Question: You may have read the account of Pope Francis marrying a couple on a plane. It made me wonder in what circumstances it would be permissible to conduct a wedding in a place other than a church.
To remind our readers, Pope Francis did indeed celebrate the impromptu wedding of two flight attendants on the papal plane during a flight over Chile from Santiago to Iqique. The couple were seated next to the Pope for a group photo and the Pope asked if they were married. They answered that they were married civilly but their church wedding was cancelled when the 2010 earthquake in Chile destroyed the church where the wedding was to take place. The Pope offered to marry them and they readily agreed. He then conducted the ceremony and blessed their rings. The CEO of the airline acted as the witness and one of the cardinals drew up a wedding certificate on a piece of paper from the airline, and they all signed it.
The Holy Father commented afterwards: “This is the sacrament that is missing in the world, the sacrament of marriage. I hope this motivates couples around the world to marry.”
It was indeed a unique wedding, not the sort that would be contemplated in canon law, but then the Holy Father is the supreme legislator in the Church, and the one who makes the rules can also dispense from them. Normally before proceeding to marry a couple the celebrant would spend some time with them, making sure they understood and agreed to live by the commitments of Christian marriage, he would check their birth and baptismal certificates, etc.
Does canon law provide for marriages to be celebrated in a place other than a church? It does, in canon 1118 of the Code of Canon Law. The first paragraph of the canon stipulates that a marriage between two Catholics or between a Catholic and a baptised non-Catholic is to be celebrated in the parish church, but by permission of the local Ordinary or the parish priest it may be celebrated in another church or oratory. The second paragraph says: “The local Ordinary can allow a marriage to be celebrated in another suitable place.” The third says that a marriage between a Catholic and an unbaptised person “may be celebrated in a church or in another suitable place.”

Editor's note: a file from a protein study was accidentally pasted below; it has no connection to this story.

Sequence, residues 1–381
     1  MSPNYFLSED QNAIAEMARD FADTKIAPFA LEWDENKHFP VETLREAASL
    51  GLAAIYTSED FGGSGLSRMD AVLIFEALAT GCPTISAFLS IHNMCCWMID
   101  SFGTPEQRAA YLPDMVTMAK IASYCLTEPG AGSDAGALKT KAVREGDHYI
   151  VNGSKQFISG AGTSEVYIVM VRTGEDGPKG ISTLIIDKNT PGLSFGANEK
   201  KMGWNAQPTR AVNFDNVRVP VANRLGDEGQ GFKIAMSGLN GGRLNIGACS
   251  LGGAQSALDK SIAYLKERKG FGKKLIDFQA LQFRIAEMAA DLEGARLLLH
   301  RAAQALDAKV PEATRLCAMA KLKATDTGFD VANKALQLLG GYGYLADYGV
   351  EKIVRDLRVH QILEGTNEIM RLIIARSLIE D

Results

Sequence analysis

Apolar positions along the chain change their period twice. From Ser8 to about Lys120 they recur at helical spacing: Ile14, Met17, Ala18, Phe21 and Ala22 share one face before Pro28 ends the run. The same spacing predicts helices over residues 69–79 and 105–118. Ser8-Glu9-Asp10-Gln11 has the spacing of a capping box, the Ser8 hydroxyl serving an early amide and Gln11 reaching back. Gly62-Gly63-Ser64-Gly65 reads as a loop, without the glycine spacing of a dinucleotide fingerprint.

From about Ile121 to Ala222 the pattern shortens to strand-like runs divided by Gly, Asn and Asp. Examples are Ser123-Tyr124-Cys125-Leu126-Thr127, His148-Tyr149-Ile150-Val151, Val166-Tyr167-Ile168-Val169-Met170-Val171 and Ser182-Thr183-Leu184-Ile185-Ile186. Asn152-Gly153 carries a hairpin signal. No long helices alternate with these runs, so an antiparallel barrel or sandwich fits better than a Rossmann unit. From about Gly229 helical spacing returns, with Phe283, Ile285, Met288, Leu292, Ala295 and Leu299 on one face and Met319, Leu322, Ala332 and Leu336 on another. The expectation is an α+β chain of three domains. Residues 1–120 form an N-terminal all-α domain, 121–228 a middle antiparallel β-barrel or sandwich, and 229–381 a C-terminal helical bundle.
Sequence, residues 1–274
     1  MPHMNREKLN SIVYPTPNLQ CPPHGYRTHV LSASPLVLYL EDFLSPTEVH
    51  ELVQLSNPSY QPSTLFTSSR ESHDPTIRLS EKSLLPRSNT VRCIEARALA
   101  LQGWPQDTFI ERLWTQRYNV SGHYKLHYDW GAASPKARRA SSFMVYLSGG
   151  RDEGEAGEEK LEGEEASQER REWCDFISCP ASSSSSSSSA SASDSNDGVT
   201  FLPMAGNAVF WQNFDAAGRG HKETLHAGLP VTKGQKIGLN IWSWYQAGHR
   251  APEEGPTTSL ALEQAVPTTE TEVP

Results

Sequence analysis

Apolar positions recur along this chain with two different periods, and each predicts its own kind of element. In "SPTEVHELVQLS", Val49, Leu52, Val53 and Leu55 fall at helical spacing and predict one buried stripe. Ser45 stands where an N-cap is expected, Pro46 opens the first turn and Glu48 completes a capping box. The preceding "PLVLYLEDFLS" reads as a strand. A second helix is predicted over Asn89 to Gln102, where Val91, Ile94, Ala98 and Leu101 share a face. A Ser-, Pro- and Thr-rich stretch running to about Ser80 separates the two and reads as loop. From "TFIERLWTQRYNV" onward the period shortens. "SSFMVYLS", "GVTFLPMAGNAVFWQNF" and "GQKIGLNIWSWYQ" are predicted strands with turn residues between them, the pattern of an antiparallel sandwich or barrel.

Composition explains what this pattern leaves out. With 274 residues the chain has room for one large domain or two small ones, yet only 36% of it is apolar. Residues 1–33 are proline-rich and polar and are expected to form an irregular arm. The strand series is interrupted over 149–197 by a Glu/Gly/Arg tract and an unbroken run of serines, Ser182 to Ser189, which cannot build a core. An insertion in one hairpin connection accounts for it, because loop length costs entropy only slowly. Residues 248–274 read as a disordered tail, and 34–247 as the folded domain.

The distinction is thus made between a sacramental marriage, between two baptised persons, where the permission of the bishop is required to celebrate it outside a church, and a non-sacramental marriage, when one of the parties is not baptised, where the priest or deacon officiating at the wedding can authorise the celebration outside a church.
The mind of the Church is clearly that a sacramental marriage ought to be celebrated in a sacred place, like a church or oratory, and indeed most Catholic weddings celebrated by a priest or deacon are conducted in such a place. In this way the very setting of the wedding is sacred, reminding the couple and those attending that the couple are committing themselves before God to be faithful to each other, and they are asking God’s blessing on their marriage.
In what circumstances might a wedding be celebrated in another place? An obvious answer is the case of a marriage between a Catholic and a baptised non-Catholic, where permission can be given to celebrate the wedding in the church or place of worship of the non-Catholic. It should be remembered that the bishop can also grant a dispensation to allow a mixed marriage to be celebrated by a non-Catholic minister (cf. can. 1127, §2). This could happen, for example, when the non-Catholic’s father was a minister and he wanted to officiate at the wedding.
Other circumstances might be the sickness of one of the parties, which could warrant the wedding taking place in a hospital or a home; the danger of death of one of the parties, where the wedding could be celebrated in any suitable place; the celebration in a home in the country if there was no church in the vicinity or if a family member was housebound, etc.
What would not be acceptable is a wedding celebrated, for example, while sky-diving or under water or at a beach, simply because the couple liked these activities. It would make a mockery of the sacred nature of Christian marriage.